A Sept. 12 Pew Center study found that “Americans are spending more time following the news than over the past decade.” Great news – or is this yet another misleading key performance indicator, as my previous blog post about time spent on site might suggest?
No – I like the Pew Center study. It’s a study of attitudes and feelings. Good old-fashioned survey research (with all of its mind-numbing statistical sampling), is an essential component of web analytics. Web site traffic data is audience behavior – the “what.” News orgs have to have attitudinal research to understand the “why” so they can attract audiences that aren’t coming to their sites.
The data you get from Google Analytics or Omniture is enticing, isn’t it? (Work with me, here….) Oh wow, we can track every click! Ah, yes, we can track every click – but we can ONLY track clicks on OUR site, not on anyone else’s.
A time-on-site calculation can only be harvested for you if someone clicks on a page in your site and generates a page view that’s counted by your Google Analytics/Omniture account. Time-on-site is the time in between the first page clicked on YOUR site and the last page clicked on YOUR site.
1. If someone clicks on YOUR site and then immediately goes to another site (a bounce),
it’s not included by Google Analytics/Omniture in the time- on-site calculation. It’s like it never existed, time-on-site-wise.
It IS counted as one visit and as one page view. So that means that all of those people who come to your site regularly (you know, the ones we really like) just to get the latest on a story aren’t counted in time-on-site - and they should be.
2. If someone is on his/her third page in your site and opens another tab and goes to another site for twenty minutes before returning to your site and clicking on another two pages, those twenty minutes are included in time-on-site – and they shouldn’t be.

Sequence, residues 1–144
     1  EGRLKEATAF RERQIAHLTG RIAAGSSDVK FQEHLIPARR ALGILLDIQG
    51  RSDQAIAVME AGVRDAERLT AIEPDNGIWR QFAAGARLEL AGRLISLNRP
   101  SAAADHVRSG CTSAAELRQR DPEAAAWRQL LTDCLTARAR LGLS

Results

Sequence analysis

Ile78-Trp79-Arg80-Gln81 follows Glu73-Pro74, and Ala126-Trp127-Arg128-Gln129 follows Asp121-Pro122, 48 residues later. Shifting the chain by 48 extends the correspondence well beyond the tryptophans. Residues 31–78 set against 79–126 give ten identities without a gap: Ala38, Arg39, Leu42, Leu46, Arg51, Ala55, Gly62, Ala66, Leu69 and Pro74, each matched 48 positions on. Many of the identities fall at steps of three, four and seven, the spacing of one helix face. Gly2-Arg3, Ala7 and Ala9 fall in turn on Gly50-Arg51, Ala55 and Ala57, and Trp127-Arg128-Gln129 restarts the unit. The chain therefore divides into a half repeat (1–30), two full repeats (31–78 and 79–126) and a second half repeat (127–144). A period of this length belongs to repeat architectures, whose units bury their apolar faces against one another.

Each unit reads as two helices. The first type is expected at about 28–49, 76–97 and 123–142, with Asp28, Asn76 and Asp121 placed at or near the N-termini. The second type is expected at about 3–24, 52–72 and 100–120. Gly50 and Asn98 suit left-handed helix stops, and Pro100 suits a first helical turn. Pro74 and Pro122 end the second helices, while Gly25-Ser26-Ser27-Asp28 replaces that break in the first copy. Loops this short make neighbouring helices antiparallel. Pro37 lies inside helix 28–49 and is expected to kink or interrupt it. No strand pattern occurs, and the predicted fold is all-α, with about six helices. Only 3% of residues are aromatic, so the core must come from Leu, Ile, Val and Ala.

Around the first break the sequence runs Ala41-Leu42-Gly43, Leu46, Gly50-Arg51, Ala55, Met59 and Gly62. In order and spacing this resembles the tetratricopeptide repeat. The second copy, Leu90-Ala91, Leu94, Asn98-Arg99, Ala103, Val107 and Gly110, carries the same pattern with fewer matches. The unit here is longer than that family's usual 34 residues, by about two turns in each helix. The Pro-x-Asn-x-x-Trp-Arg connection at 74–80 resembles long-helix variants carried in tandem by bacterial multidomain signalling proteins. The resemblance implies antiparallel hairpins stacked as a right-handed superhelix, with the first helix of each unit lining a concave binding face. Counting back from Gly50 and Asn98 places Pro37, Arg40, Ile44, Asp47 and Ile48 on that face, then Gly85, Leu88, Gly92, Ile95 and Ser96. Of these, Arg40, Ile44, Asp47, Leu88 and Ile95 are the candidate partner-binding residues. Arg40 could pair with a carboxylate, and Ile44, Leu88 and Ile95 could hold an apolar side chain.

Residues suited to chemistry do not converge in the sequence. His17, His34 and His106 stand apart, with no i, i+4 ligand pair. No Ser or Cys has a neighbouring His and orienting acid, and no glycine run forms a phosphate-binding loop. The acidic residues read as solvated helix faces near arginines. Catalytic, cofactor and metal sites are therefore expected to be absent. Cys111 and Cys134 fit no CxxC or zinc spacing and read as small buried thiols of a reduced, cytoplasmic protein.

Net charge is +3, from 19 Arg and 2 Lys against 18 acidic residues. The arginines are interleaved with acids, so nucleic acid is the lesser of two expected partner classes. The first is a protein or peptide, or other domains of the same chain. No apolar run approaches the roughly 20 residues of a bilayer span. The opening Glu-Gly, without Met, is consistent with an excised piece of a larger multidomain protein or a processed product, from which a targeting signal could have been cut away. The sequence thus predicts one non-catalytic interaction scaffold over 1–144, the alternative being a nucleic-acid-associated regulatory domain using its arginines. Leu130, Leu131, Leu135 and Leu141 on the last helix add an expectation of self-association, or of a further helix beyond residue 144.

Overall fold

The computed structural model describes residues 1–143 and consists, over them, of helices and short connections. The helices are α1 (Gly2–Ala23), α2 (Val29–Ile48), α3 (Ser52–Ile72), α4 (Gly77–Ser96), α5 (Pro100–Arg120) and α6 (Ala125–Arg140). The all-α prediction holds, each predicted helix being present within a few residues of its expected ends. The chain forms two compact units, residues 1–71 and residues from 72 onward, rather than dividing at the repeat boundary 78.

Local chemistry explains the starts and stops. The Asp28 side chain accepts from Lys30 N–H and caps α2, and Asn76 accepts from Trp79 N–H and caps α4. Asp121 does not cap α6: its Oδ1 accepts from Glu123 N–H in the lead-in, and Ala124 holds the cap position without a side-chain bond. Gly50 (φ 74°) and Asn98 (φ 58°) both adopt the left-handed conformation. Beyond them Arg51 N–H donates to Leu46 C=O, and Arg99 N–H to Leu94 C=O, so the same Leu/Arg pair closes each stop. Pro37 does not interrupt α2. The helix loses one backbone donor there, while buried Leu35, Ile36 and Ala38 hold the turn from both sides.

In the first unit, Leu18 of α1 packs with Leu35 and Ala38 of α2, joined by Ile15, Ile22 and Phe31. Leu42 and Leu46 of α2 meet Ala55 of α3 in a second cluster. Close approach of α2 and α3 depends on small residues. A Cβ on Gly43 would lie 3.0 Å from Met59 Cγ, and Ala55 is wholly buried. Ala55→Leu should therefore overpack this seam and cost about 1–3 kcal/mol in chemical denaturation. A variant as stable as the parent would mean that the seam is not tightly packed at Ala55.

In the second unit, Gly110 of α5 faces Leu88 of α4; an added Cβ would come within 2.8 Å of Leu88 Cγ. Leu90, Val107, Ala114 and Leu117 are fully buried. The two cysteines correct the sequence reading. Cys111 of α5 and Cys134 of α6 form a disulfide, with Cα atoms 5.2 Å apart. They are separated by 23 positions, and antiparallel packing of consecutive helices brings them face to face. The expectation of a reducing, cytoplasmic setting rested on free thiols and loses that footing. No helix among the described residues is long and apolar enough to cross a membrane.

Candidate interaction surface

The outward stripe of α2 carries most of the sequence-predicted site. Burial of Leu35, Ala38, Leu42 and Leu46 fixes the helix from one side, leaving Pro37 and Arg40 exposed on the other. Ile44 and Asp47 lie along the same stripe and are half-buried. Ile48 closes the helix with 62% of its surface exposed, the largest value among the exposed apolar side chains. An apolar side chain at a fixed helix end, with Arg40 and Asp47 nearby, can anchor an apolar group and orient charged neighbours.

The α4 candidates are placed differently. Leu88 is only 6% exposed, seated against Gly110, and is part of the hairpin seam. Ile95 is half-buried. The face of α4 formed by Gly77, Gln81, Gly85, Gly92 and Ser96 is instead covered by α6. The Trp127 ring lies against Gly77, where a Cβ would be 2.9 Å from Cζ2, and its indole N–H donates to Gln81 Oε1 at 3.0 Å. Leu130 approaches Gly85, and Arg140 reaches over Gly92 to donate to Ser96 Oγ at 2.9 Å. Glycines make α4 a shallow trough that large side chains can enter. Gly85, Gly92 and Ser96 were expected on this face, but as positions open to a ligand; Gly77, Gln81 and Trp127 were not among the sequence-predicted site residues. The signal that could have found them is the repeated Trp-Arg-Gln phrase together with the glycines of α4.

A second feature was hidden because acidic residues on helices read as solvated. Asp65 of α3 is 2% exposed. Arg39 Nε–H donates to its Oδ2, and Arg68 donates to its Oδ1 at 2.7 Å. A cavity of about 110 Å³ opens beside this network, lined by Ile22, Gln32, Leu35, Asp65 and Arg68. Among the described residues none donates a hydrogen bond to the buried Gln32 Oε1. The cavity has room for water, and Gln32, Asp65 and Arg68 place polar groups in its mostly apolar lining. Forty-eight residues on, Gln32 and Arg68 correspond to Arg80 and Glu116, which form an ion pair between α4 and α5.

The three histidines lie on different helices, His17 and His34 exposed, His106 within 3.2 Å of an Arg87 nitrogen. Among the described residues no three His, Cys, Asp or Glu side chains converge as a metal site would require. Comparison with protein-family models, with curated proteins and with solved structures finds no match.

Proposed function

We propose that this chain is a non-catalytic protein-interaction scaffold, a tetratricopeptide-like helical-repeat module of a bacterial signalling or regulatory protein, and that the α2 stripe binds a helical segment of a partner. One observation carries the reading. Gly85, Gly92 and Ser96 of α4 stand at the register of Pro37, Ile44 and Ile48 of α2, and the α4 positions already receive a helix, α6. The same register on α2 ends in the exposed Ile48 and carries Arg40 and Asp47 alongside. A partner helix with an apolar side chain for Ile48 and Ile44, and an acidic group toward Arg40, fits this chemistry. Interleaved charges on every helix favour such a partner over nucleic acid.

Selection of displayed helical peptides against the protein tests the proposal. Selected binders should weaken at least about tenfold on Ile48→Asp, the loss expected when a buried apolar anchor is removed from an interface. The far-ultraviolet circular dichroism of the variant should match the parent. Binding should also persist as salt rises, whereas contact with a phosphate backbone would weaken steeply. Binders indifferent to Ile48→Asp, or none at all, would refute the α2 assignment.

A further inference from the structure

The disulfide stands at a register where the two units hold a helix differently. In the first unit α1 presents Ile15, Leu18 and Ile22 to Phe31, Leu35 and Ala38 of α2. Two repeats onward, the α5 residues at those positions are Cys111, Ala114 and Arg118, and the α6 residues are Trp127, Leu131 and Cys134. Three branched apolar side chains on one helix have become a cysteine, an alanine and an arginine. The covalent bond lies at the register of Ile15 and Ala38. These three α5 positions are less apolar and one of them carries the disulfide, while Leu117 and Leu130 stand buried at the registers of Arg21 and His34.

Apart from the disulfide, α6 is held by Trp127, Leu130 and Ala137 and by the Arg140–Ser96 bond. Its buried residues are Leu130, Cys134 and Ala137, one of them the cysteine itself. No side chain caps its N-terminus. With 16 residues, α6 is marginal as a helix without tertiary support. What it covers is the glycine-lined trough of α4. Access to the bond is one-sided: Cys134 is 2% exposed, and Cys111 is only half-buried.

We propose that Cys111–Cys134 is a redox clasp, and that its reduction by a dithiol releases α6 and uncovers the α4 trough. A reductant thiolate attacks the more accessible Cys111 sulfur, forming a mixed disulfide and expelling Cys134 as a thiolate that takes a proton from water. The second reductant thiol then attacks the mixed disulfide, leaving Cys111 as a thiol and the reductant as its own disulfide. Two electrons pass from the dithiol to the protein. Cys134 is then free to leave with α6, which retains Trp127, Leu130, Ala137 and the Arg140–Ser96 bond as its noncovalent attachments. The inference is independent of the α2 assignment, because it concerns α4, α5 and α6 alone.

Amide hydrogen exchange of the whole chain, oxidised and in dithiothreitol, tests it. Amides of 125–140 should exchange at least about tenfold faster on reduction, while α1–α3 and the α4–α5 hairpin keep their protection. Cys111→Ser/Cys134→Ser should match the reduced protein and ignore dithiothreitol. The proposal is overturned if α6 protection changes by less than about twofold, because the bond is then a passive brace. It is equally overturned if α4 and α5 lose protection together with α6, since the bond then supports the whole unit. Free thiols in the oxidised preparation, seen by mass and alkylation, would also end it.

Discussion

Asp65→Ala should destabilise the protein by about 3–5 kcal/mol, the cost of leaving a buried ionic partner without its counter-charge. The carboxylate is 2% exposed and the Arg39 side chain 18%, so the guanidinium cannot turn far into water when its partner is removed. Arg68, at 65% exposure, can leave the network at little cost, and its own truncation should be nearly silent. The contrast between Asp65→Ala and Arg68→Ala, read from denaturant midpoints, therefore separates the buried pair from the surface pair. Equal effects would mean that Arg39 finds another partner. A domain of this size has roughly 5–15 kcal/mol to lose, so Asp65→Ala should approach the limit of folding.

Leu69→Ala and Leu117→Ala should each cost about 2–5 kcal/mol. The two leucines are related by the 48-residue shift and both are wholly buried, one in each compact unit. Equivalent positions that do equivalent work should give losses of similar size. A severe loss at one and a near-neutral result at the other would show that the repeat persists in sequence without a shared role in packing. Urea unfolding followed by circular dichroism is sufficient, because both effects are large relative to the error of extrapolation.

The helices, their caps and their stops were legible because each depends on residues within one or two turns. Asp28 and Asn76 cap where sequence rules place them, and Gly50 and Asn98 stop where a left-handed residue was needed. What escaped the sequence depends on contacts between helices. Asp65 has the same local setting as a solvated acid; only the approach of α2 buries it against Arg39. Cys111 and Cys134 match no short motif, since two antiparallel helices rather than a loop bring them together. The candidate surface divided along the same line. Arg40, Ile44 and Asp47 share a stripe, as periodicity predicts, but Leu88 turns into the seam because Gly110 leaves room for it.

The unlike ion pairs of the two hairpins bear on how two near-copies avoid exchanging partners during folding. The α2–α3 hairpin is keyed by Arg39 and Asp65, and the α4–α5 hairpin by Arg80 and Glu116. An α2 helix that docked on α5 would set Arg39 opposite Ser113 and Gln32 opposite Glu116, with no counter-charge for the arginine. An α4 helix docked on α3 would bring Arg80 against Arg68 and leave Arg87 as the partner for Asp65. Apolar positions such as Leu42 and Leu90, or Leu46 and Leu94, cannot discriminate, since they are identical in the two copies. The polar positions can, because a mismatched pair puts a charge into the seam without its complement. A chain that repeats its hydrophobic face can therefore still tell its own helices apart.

3. The time a person spends on the last page of your site isn’t counted.
If someone clicks through a few pages on your site and spends 15
minutes utterly absorbed in a story before leaving your site to go pay
bills online, those 15 minutes aren’t included in time-on-site – and they should be.
So, time-spent-on-site is always either over- or under-counted. And you’ll never know which – this makes this metric utterly unreliable as an indicator of success or failure. So you can’t make a decision with this data because you can’t know whether your action – a section added, the number of long-form videos reduced – caused time spent to go up or down.
More importantly, these days it really doesn’t matter how much time people actually spend on a news site. What matters much, much more is whether people are engaged with the news, whether they believe news sites are an essential component to their lives, so much so that they come back repeatedly, rate a story with five stars, leave comments, click on an ad, and otherwise use the site. It doesn’t matter whether they spend three seconds or three hours.
That’s what makes the Pew Center finding so exciting (surely you’re still with me on how great web analytics is?). People actually said they’re spending more time with the news now than they did a decade ago. It doesn’t matter whether they actually are (!) – they believe they are.
I wish every news org could afford its own Pew Center-like attitudinal research study so it could track how engaged its own targeted audiences are (or aren’t), and to understand how to get and retain new audiences. The information wouldn’t always be pretty, but at least it would be data that could make a difference.